Such a policy would be considerably richer than one now offered in Massachusetts, which approved a universal coverage plan last year that set the minimum amount of required coverage for most people at 60% of a typical policy, and one proposed by Gov. Arnold Schwarzenegger in California that would provide a policy with an out-of-pocket limit of $5,000 for individuals and $10,000 for families.
Republican reaction to Clinton’s proposals was swift and predictable. “It’s a European-style socialized medicine plan -- that’s where it leads -- and that’s the wrong direction for America,” declared GOP contender Mitt Romney, the former Massachusetts governor.
Democratic reaction was more complex. Because of her history with the issue and her status as a former first lady, Clinton dominated news coverage Monday with her release of the plan. Eager to balance things out, her rivals for the Democratic nomination quickly took swipes at the plan and at Clinton.
Edwards mocked Clinton’s oft-repeated claim that she bore scars from her unsuccessful attempt to revamp healthcare in 1993 and 1994. “The cost of failure 14 years ago isn’t anybody’s scars or political fortune; it’s the millions of Americans who have now gone without healthcare for more than 14 years and the millions more still crushed by the costs,” the former senator from North Carolina said in a prepared statement.
He also sought to divert attention from Clinton’s speech with a policy gambit bound to win attention.
A few hours before Clinton formally rolled out her plan, Edwards said in a speech in Chicago that if elected, he would submit a bill that rescinded healthcare coverage for the president, Congress and other senior political appointees on July 20, 2009 -- unless universal healthcare was enacted by that date.
Candidate Barack Obama said that his healthcare plan trumped Clinton’s in terms of cutting costs. The Democratic senator from Illinois also sought to evoke memories of Clinton’s failure to pass a healthcare plan a decade ago. Back then, she was criticized as having a secretive style and as being unwilling to compromise. Obama suggested that nothing had changed.
In a prepared statement, Obama said: “The real key to passing any healthcare reform is the ability to bring people together in an open, transparent process that builds a broad consensus for change.”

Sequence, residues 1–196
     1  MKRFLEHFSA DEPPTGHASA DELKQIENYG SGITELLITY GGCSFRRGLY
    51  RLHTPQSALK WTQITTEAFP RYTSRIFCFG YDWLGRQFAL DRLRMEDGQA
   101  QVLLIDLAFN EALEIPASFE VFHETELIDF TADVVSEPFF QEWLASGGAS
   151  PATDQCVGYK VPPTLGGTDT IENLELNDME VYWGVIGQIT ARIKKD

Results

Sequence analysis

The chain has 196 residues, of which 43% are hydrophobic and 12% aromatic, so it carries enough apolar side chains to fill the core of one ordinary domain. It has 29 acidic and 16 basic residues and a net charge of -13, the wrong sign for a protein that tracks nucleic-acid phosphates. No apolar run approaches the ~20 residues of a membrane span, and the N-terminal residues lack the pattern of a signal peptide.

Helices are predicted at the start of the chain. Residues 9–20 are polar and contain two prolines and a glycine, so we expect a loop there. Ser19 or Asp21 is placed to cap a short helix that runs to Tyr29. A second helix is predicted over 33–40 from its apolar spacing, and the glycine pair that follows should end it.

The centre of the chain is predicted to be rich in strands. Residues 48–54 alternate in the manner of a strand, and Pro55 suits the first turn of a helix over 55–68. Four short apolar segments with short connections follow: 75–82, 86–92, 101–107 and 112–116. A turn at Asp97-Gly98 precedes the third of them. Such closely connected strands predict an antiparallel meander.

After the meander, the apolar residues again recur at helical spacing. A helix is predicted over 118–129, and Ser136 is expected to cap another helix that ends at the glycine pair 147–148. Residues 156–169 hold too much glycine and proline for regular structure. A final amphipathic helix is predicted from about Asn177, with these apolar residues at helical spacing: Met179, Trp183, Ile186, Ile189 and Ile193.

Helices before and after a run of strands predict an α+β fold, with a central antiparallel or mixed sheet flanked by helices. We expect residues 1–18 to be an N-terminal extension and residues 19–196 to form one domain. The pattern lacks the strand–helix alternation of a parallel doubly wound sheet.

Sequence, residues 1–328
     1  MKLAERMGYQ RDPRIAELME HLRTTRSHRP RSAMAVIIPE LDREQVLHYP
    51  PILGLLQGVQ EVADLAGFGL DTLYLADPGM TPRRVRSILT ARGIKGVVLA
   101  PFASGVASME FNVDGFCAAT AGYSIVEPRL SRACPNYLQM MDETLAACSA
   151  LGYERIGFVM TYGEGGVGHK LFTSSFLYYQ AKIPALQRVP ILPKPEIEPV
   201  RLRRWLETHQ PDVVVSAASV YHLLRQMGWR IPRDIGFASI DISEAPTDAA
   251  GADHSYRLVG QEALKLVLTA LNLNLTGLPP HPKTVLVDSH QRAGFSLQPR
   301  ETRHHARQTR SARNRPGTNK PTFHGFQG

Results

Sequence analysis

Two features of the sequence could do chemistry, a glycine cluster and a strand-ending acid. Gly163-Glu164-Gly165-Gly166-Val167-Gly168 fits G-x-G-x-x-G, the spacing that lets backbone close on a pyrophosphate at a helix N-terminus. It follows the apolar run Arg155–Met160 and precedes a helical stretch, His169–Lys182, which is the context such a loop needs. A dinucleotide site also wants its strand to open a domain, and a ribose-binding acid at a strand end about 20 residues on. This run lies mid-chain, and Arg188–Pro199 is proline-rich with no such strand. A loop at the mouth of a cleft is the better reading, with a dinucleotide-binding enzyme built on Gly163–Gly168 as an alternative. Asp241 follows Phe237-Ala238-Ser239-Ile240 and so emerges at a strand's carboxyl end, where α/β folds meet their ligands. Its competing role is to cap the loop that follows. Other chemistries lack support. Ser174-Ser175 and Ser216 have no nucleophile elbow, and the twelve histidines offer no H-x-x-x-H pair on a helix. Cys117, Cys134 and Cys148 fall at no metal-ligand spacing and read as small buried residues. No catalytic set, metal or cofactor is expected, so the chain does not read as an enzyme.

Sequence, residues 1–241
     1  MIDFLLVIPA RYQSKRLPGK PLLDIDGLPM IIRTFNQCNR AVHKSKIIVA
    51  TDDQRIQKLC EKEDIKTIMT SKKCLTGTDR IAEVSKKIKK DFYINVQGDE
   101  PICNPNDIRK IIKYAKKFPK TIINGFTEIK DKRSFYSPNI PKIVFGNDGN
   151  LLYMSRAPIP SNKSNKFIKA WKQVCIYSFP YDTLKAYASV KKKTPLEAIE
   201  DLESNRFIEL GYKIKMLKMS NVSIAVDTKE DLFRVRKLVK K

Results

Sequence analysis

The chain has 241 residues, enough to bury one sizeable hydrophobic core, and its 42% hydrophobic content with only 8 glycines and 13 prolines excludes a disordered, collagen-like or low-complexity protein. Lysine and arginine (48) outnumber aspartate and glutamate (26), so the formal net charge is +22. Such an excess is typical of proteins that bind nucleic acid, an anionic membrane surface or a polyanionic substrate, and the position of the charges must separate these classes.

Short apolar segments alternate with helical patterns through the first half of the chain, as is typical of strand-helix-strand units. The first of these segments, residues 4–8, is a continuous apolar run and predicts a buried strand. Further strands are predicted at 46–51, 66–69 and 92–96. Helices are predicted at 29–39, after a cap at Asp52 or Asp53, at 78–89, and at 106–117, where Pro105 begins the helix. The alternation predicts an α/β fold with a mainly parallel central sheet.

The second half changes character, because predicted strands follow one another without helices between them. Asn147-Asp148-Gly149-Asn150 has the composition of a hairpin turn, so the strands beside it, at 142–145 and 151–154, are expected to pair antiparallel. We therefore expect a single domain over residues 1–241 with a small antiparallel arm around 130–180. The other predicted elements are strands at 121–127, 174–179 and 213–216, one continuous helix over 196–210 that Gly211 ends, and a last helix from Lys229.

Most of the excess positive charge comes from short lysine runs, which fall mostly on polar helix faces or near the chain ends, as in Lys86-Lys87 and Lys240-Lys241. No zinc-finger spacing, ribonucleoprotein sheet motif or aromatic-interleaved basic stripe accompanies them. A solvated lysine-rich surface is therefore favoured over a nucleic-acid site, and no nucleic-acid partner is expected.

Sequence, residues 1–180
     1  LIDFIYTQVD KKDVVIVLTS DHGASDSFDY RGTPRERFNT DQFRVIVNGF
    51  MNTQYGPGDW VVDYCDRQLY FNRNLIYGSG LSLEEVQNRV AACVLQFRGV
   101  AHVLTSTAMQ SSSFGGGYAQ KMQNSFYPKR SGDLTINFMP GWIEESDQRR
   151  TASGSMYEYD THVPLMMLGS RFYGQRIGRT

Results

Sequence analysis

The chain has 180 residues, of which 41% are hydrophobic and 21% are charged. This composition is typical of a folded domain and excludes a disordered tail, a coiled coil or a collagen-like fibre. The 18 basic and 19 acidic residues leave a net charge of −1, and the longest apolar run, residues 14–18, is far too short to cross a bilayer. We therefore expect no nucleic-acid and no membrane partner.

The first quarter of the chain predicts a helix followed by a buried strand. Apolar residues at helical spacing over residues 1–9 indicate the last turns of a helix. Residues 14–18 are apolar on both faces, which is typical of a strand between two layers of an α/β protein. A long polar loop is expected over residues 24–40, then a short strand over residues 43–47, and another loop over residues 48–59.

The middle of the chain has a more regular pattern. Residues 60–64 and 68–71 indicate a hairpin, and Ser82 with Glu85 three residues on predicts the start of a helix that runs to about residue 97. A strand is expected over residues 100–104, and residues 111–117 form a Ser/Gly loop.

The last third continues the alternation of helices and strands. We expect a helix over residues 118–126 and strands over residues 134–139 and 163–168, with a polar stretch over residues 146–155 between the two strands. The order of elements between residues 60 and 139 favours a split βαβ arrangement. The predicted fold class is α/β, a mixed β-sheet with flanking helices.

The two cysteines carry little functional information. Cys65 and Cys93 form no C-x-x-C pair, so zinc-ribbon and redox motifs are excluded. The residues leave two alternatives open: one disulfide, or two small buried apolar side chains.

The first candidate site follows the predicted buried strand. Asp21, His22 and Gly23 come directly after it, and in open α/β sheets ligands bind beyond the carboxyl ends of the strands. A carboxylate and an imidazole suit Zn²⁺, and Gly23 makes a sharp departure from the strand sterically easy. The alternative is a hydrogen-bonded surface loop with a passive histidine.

For a candidate who has spent much of the presidential campaign seeking to build a softer, less-combative image, Clinton seemed to go out of her way Monday to take a slap at the drug and insurance industries, which were among her worst opponents in the early 1990s. She was particularly fierce about insurers.
“Right now, insurance companies have free reign to cherry-pick the healthiest patients and shut out anyone who seems to them like a bad risk,” she said. “Insurance companies spend $50 billion a year on elaborate calculations and schemes to figure out how not to insure people. Fifty billion dollars trying to shut out those who need care the most.”
Karen Ignagni -- president and chief executive of America’s Health Insurance Plans, the industry’s chief Washington lobbying group, whose predecessor ran the devastating “Harry and Louise” ads against the earlier Clinton plan -- reacted with a statement saying: “The new Clinton plan includes important ideas to make coverage more affordable; unfortunately some of the divisive rhetoric seems reminiscent of 1993.”
So too did Clinton’s use of anecdotes Monday, which were a staple of the early 1990s debate.
The candidate opened her speech with the story of Iowan Judy Rose, who lost her health insurance in 2001 when her husband’s plant closed. Rose was later diagnosed with breast cancer. She recovered, and a government program paid her health bills. But when her husband had a heart attack in 2003, his hospital bills forced the couple to sell their home of 30 years.
“That is the tragedy at the heart of our healthcare system,” Clinton said, “the devastation when one stroke of bad luck undoes a lifetime of hard work; that feeling of being right on the edge that eats away not just at the 47 million who don’t have healthcare, but many of the 250 million who do.”
Clinton’s rhetoric has not kept her from accepting money from the groups she criticizes. According to the nonpartisan Center for Responsive Politics, through the end of June, she took in $146,000 from drug companies and health product firms; $991,000 from health professionals, including doctors and nurses; and $353,000 from insurers.
Nicholas reported from Iowa and Gosselin from Washington.